Calls for universities in the United States to divest from prison labor are growing as students in Oregon bring attention to the exploitation involved in producing their dorm furniture.
In an opinion piece for the student newspaper the Daily Emerald, University of Oregon (UO) student Parsa Aghel argues that many of the bed frames, mattresses, closets, and dressers used every year in UO’s dorms are made by incarcerated people.
Aghel’s assertions are based on the fact that according to UO spending figures, $2,041,834 went toward Oregon Correctional Enterprises, an agency which produces furniture through prison labor.
Incarcerated people in Oregon are required to work a minimum of 40 hours a week, a commonplace policy in a country where—thanks to the 13th Amendment—slavery remains legal as punishment for a crime.
While Oregon pays incarcerated workers more than other states, Aghel stresses that their labor rights remain extremely limited, with little ability to refuse work and no minimum wage or overtime pay.
Workplace safety standards are also lacking, an issue reflected in the drastically higher COVID-19 rates among inmates compared to the general population during the pandemic.
Noting that another university in Oregon, the Oregon Health & Science University, divested from prison labor in 2020 after activist pressure, Aghel calls on UO students to pressure their university until it follows suit.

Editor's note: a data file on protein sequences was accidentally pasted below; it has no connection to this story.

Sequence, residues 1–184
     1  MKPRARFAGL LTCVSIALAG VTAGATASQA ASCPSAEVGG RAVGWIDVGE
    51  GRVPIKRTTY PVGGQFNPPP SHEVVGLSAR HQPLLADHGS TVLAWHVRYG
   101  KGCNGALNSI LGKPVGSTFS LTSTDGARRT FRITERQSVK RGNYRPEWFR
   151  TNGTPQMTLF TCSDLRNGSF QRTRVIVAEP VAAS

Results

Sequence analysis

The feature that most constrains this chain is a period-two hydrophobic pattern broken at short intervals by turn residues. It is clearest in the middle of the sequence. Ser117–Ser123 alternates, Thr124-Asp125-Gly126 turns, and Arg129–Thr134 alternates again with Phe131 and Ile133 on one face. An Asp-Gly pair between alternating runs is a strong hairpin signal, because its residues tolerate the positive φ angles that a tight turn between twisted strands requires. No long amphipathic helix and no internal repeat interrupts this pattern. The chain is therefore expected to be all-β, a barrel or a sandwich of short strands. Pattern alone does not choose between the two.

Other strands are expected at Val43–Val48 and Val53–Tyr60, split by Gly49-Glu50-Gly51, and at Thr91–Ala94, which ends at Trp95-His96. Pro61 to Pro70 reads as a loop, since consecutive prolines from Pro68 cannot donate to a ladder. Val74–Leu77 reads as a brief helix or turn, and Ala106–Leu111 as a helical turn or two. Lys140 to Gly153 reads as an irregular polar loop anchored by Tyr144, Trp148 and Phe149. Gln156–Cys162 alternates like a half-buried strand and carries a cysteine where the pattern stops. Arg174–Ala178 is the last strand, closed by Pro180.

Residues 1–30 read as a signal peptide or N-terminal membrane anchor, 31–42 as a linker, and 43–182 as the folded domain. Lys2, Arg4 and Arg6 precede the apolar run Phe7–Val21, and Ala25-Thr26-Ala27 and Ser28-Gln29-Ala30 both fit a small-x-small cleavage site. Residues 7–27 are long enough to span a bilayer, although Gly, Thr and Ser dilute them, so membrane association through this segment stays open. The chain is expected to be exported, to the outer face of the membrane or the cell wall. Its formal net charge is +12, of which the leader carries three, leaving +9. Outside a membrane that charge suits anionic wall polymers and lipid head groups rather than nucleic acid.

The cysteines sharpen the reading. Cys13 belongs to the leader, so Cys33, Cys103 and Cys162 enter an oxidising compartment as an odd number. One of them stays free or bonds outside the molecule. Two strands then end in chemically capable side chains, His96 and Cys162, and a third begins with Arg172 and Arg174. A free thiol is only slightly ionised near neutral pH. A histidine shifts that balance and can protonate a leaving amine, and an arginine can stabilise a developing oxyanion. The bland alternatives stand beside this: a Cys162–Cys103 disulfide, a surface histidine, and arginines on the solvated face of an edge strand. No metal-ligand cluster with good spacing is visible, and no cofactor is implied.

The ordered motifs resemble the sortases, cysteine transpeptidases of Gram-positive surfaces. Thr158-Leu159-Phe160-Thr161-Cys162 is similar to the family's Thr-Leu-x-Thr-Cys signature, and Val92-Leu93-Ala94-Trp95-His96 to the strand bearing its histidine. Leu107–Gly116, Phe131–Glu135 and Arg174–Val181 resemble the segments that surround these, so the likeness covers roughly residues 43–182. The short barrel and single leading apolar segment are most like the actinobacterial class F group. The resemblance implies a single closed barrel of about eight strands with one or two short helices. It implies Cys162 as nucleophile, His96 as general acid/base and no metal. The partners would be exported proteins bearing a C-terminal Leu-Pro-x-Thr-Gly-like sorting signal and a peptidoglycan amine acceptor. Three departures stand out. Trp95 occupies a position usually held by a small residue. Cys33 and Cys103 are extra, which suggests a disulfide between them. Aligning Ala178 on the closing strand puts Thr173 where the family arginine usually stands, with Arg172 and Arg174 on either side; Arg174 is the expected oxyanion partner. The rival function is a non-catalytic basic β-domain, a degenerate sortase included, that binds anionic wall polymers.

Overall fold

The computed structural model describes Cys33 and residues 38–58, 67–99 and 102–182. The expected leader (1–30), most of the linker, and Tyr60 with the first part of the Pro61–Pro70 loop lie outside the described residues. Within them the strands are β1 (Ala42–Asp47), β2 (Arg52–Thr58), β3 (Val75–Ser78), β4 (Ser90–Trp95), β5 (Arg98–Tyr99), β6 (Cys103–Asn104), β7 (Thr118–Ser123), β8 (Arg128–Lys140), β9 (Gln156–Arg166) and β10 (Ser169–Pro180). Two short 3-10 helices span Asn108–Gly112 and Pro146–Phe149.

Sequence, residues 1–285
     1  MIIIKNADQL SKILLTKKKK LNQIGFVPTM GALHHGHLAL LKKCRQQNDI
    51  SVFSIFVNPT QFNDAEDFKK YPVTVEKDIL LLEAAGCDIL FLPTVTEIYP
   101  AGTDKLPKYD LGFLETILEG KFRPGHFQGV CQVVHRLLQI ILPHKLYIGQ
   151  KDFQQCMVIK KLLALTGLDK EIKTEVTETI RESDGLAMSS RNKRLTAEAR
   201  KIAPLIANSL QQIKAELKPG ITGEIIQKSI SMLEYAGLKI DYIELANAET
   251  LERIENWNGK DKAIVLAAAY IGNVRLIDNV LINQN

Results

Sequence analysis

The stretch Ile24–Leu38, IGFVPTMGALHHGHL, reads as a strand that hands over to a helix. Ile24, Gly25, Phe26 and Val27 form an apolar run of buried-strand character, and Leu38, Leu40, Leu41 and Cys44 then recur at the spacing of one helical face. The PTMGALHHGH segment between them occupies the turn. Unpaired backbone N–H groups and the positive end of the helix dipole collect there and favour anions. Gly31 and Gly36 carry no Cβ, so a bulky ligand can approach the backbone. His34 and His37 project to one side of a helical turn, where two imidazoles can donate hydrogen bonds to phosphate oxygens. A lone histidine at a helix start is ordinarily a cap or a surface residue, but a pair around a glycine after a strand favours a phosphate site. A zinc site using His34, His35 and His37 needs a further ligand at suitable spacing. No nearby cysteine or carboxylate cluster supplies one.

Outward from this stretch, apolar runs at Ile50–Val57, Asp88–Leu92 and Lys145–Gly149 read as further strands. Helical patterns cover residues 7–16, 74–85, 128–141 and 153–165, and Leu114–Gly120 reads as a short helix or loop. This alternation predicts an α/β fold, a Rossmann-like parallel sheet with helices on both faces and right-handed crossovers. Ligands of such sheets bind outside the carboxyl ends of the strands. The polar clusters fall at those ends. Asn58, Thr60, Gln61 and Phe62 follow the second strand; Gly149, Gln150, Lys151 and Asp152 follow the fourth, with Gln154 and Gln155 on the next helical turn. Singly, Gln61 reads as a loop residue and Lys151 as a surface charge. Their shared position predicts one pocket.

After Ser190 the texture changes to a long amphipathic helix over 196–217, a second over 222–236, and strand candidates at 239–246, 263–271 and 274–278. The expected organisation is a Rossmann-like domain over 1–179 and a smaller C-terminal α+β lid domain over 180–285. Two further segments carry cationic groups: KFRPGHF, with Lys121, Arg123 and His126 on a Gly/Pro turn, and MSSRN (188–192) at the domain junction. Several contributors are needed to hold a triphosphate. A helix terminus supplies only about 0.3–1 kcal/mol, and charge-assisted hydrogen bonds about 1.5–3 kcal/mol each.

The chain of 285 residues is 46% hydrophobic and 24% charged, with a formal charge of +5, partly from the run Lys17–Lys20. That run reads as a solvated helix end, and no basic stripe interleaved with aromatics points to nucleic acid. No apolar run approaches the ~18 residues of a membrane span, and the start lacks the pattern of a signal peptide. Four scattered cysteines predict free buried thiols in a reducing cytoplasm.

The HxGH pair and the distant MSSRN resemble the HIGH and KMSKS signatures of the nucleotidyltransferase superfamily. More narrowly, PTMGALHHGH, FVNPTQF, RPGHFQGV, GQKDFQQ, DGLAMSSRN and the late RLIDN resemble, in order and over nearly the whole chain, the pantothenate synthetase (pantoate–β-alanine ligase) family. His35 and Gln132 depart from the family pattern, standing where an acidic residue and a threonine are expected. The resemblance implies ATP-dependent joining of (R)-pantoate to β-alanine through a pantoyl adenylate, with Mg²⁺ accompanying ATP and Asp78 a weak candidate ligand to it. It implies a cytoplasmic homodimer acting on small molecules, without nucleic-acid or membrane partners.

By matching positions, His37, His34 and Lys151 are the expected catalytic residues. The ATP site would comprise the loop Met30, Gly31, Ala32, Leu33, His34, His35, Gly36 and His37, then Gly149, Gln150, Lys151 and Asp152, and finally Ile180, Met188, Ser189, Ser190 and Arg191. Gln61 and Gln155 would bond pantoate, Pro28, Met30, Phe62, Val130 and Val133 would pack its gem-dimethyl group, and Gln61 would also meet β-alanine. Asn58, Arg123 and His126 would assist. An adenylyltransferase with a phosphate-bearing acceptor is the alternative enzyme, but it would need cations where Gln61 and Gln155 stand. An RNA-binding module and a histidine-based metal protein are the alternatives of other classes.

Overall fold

The problem is not nuanced nor complicated – the proud democratic state of Oregon has allowed legal slavery to persist and its institutions, like UO, have profited from it. When the university buys prison labor furniture, it endorses and legitimizes the prison industrial complex and its worst facets. It is no different for students. When we step into our dorms on campus, we buy into a lie. A lie that UO cares about racial justice beyond words in a flowery email. A lie that UO cares about equality over profit margins.
As the campus continues its construction of new dorms and buildings, the time to cut ties with the prison industrial complex and the inhumane labor practices is now.
UO students are only the latest to protest against the forced labor of incarcerated people; just last month, student activists at the University of Florida (UF) spoke out after their exclusion from a committee that could steer UF’s food services away from prison labor.
In partnership with student organizations, Freedom United has been calling for an end to slavery in the U.S. prison and detention industry with a campaign that has gathered over 20,000 signatures.
Join them and add your name today.
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